Mitchell Rogovin, who represents former Lockheed president A. C. Kotchian, has talked to criminal division head Philip B. Heyman about the case. Rogovin himself has close ties to the CIA, having served as its liaison with the Internal Revenue Service and as its lawyer during recent congressional investigations.

The Wall Street Journal reported last year that government investigators had found indications that the CIA knew about and probably encouraged bribes from American corporations to foreign government officials.

Lockheed, for instance, paid several million dollars in "agent's fees" to yoshio Kodama, who had ties with the CIA and was a major fundraiser for Japan's ruling party.

But it is not believed that Rogovin's national security claims went as far as alleging that such potentially explosive ties between U.S. intelligence and multinational corporations would be exposed at trial.

In the Lockheed, ITT-Chile and CIA espionage cases prosecutors have had a chance to balance the need to protect national secrets with the equally legitimate duty to uphold the law.

A more troublesome example of the conflict between intelligence secret and law enforcement was seen in the recent investigations of South Korean influence-buying in Congress.

A Senate Intelligence Committee study showed that the CIA at times refused to pass along early evidence of the scandal to the FBI or Justice Department for fear of compromising sacrosanct "sources and methods."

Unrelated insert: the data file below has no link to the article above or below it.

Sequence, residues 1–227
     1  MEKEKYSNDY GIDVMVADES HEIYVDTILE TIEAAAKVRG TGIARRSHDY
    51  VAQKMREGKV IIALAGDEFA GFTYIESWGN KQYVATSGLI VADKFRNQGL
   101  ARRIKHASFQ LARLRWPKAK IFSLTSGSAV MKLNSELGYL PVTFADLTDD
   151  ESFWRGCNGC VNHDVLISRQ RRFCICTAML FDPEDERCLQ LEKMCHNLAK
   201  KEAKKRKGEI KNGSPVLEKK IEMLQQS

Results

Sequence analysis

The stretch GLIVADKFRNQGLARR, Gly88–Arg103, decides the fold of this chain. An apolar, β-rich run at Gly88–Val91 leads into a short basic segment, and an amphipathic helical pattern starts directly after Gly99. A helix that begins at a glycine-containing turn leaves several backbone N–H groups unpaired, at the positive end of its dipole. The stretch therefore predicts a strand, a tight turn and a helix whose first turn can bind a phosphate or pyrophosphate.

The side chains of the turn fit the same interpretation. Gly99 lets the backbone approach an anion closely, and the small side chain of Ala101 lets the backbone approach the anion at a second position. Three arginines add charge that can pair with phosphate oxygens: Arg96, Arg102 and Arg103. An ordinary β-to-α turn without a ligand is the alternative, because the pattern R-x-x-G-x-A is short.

One one occasion CIA headquarters officials wouldn't even allow the station chief in Seoul to brief the U.S. ambassador of Congress by South Korean agents.

Indications of illegal South Korean lobbying were largely ignored for more than five years. Not until late 1975 did the evidence - some of it apparently obtained by supersecret National Security Agency intercepts of Korean diplomatic traffic - lead to a full scale Justice Department investigation.

Even then the most sensitive material could be used only for investigative leads. It could not be used at a trial without exposing the secret methods of obtaining it.

Corroborating evidence about suspected payments from Korean officials, payments from Korean officials, such as former ambassador Kim Dong Jo, could not be found. So some potential prosecutions of current House members were stymied.

Civiletti said he is not bothered too much by this frustration because he is aware of the potential for abuse in intelligence agencies' eavesdropping on American citizens.

"That would be a very dangerous process, so it's only in collateral circumstances that they pass on information for us," he said.

Civiletti noted that CIA Director Turner has expressed displeasure at the danger to secrets in prosecuting espionage-type cases. "He thinks the English system of secret trials is the only sensible way to proceed," Civiletti said. "I'd never agree with that."

The continuing conflict between law enforcement and national security has been the subject of a year-long study by a Senate Intelligence subcommittee headed by Joseph R. Biden (D-Del.) It is expected to release its report in a few weeks.